Supercomputers: A powerful force for growing, and losing, money

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The two eras of supercomputers – monocomputers and multicomputers

Commonly hailed as the first supercomputer, the CDC 6600 engineered by Seymour Cray in 1964 trailblazed the monocomputer era of supercomputers. Monocomputers were powerful, single machines that used one or more processors and a single, shared memory. Cray’s supercomputers gripped the imagination of the public as the world’s fastest, demonstrating increasingly higher computational speeds throughout the next two and a half decades.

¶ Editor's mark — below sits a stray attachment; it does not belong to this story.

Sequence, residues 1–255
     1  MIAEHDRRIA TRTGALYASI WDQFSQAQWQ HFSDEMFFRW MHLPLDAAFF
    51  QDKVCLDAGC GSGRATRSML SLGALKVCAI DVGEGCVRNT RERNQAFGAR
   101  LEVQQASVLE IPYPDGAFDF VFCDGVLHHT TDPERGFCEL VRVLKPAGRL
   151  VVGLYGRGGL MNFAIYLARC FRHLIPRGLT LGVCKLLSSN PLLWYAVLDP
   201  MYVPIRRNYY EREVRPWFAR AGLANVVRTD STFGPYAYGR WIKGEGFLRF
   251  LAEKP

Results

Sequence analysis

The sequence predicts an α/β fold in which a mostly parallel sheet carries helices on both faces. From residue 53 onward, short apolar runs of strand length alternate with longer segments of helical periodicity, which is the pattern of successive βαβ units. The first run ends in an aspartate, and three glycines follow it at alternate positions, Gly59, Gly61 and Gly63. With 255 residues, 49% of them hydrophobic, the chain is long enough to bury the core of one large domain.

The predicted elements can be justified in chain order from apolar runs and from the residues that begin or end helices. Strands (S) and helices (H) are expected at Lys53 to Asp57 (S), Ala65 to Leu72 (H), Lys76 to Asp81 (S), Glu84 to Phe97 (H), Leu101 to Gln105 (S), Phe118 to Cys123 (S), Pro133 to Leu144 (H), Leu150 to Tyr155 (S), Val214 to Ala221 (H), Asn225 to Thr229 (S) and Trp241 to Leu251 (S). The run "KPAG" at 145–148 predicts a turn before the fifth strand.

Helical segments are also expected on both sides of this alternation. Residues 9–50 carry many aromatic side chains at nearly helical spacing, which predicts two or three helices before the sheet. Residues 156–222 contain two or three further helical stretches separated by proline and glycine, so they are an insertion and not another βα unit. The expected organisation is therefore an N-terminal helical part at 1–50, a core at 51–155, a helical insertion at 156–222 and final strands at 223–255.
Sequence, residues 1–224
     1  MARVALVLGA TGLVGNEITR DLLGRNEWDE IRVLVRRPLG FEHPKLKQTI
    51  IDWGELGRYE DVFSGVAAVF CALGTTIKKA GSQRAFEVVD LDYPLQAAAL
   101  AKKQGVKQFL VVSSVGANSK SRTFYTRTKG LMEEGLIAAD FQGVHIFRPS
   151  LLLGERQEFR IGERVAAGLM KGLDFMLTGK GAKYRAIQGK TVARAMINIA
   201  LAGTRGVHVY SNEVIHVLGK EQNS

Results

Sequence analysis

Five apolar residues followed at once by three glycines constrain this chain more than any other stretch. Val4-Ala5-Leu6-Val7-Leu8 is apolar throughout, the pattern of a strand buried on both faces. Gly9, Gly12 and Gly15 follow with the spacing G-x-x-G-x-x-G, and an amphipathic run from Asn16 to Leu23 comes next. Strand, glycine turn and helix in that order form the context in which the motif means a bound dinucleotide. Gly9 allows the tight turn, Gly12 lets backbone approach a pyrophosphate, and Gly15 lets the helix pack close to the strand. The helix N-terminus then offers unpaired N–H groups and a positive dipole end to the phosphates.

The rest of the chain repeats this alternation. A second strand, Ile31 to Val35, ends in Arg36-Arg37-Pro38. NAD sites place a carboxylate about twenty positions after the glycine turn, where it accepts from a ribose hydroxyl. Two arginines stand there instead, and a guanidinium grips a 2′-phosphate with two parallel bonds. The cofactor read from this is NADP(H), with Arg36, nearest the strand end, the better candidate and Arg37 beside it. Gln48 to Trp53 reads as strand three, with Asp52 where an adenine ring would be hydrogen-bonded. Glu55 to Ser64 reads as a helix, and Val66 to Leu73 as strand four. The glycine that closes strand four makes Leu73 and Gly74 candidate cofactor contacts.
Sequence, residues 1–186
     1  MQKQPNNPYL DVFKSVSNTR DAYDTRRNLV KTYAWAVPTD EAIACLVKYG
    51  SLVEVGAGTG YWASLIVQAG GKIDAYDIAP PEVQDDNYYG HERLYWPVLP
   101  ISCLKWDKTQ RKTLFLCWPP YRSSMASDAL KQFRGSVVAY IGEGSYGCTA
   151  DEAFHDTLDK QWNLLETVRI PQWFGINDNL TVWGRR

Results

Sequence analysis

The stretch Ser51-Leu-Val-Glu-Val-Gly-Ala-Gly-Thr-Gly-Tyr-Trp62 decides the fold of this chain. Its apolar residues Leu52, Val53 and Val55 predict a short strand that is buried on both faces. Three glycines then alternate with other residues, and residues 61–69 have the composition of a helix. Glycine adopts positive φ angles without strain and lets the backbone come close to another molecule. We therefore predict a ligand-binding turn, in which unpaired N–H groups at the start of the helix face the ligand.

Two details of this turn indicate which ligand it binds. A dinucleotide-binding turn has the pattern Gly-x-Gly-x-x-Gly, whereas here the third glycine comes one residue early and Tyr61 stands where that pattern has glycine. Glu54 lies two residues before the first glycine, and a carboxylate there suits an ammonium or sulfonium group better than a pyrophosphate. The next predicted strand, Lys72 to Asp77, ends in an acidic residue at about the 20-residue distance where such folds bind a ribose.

Then, in 1993, the multicomputer era of supercomputers was kicked off by the idea of connecting multiple, independent computers via ultra-speed links as a way to increase computational speeds dramatically. In order to provide a standard reference for comparing supercomputers, the TOP500 list was developed that pitted supercomputers against each other using the LINPACK benchmark – essentially, a system of mathematical problems to solve – and determined their ranking according to best performance.

In June 2020, the TOP500 list heralded a new fastest supercomputer in the world, Japan’s Fugaku, which surpasses the now second-fastest supercomputer, IBM’s Summit, by a factor of almost three.

Figure 1: Fugaku, the world's fastest supercomputer as of June 2020. Source: RIKEN.